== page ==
A young and terrified passenger beside him in the front of his car, Calvin McLintock (22), of Saint Crispin’s Place, Falkirk, drove at excessive speed, repeatedly changed lanes, veered over to the wrong side of the road, and narrowly missed other vehicles and pedestrians in Falkirk during the change just after 4pm.
Appearing from custody at Falkirk Sheriff Court earlier today, McLintock had pled guilty to dangerous driving, driving while disqualified and resisting and struggling police in various streets in Falkirk town centre on February 28.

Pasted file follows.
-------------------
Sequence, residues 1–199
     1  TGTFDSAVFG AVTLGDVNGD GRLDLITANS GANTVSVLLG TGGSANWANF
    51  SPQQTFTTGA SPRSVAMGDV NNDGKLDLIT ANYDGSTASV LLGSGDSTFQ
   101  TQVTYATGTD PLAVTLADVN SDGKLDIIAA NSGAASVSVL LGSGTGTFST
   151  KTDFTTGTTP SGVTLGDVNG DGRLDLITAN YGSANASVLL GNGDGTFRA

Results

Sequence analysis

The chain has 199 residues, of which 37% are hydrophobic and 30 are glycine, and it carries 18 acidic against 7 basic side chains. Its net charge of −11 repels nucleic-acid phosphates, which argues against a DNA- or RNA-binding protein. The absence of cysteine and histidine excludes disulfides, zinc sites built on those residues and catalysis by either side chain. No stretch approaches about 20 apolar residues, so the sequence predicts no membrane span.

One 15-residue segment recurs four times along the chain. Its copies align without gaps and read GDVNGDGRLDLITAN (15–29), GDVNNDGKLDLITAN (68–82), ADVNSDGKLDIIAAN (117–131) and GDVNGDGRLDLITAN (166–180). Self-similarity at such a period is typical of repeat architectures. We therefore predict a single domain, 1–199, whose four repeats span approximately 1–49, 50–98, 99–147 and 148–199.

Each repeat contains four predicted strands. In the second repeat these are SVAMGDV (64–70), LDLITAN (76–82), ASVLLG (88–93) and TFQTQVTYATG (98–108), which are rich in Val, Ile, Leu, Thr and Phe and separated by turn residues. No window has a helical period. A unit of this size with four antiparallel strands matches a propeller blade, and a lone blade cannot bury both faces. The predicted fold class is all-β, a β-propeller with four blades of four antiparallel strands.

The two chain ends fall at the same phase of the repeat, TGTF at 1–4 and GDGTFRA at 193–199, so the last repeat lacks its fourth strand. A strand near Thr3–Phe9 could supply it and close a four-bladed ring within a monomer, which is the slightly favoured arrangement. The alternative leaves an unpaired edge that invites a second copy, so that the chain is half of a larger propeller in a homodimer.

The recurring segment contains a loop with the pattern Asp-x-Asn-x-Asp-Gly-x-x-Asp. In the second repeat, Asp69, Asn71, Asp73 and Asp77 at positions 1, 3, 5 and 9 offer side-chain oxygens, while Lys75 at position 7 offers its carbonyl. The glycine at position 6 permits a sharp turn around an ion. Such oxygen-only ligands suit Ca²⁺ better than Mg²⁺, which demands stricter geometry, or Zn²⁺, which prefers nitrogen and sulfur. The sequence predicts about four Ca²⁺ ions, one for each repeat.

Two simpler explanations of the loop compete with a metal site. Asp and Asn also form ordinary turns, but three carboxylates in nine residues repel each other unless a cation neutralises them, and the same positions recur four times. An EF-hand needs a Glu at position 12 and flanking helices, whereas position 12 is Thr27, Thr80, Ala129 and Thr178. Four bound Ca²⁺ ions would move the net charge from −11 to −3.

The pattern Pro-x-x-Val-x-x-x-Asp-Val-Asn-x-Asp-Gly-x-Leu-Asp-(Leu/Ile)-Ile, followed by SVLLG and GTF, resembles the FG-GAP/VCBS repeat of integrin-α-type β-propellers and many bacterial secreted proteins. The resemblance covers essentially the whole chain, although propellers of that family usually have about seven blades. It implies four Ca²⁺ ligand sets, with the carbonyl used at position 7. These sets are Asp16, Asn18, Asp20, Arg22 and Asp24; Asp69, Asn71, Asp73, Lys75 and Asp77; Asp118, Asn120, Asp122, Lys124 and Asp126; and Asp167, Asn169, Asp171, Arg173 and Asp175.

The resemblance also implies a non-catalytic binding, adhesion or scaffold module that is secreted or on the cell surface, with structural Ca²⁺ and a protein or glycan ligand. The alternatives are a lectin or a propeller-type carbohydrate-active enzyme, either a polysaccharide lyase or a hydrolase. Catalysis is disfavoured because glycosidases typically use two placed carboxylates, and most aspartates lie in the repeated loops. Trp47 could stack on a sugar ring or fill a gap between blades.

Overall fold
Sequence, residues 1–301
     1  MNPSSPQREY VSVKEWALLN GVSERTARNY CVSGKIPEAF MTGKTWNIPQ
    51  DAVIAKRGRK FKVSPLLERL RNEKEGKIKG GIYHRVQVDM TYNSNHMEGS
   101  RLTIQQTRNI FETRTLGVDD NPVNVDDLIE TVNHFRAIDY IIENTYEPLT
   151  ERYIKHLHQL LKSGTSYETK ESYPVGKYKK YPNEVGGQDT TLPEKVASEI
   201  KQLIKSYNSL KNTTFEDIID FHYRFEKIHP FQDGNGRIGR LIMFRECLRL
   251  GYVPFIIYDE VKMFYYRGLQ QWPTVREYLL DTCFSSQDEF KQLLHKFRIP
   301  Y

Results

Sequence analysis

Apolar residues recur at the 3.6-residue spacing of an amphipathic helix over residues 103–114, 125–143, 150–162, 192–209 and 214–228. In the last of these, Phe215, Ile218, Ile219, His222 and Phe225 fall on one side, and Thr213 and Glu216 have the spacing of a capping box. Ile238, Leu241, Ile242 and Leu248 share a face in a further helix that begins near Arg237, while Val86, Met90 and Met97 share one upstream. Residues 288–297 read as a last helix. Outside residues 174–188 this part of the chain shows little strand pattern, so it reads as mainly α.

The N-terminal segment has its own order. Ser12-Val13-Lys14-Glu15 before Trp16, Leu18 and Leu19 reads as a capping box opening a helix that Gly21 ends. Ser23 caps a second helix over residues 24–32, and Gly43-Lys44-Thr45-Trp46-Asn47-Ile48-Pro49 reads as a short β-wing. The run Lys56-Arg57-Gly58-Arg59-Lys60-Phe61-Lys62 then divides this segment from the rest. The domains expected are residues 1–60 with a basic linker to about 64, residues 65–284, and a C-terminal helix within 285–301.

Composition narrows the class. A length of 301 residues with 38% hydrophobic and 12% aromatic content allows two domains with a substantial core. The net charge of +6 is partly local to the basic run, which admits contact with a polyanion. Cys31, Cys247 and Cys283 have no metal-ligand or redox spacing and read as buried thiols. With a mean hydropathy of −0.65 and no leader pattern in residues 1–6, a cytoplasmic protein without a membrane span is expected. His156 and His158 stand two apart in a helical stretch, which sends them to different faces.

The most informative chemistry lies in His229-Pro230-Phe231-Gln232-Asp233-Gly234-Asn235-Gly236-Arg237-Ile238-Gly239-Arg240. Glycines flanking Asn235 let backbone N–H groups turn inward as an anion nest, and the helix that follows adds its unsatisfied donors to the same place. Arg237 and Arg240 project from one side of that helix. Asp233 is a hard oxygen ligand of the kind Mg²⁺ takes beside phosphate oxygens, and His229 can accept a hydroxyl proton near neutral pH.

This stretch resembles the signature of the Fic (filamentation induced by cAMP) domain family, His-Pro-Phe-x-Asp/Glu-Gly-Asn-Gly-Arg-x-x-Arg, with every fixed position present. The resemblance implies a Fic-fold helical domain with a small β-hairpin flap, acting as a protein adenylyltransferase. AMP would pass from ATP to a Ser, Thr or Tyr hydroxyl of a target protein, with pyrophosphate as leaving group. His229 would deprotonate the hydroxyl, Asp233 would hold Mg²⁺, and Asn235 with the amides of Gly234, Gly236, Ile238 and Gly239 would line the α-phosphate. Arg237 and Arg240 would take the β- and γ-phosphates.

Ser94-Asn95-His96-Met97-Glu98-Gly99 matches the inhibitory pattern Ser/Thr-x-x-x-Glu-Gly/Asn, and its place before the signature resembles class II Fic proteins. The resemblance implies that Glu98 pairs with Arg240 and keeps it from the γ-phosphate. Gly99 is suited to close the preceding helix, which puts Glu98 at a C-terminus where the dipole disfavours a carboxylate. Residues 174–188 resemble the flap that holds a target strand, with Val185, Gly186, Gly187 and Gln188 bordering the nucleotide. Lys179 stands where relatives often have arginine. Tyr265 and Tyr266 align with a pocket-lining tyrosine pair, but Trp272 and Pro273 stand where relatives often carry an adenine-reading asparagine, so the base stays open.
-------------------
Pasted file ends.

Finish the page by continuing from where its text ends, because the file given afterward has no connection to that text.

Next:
Sean Maher, procurator fiscal depute, said the incident began when police on mobile patrol in Baxters Wynd noticed a Seat Mii being driven by McLintock, whom they knew to be a disqualified driver.Mr Maher said: "They turned their vehicle around with the intention of stopping him, but he made off, picking up speed. He was dodging in an out of traffic on Arnot Street, driving on the wrong side of the road."He cut off a car as he proceeded into Melrose Place, when he drove on, narrowly missing members of the public. He then exited the vehicle and made off on foot."CCTV operators informed the police the accused had been seen entering Coral, on High Street, Falkirk."Police attended and on seeing them he made off through a rear exit."Police reinforcements were called in and McLintock was chased, caught and arrested in Booth Place, ten minutes after the chase started. He had to be handcuffed by three cops after "swinging" his head towards officers and swearing at them.Continuing to shout threats and struggle he was placed in a police van and taken to Falkirk Police Station.Mr Maher said when police had arrived back at McLintock's vehicle there was a young male passenger still sitting in the front seat.Mr Maher said: "He was upset and shaking. He told police he had asked McLintock to stop, and on several occasions to slow down, but he had refused to do so."He said he was afraid the accused was going to drive into someone due to the speed he was going."Defence solicitor Neil Hay said since McLintock, who had never been jailed before, had already served 52 days in custody, and had a fixed address and a job, a community payback order would be sufficient punishment.He said: "The termination of a relationship and the death of a friend had led to his return from Thailand, and after that return he went off into committing offences."Sheriff Christopher Shead placed McLintock on social work supervision for 18 months, ordered him to carry out 120 hours of unpaid work, and banned him from driving for 12 months.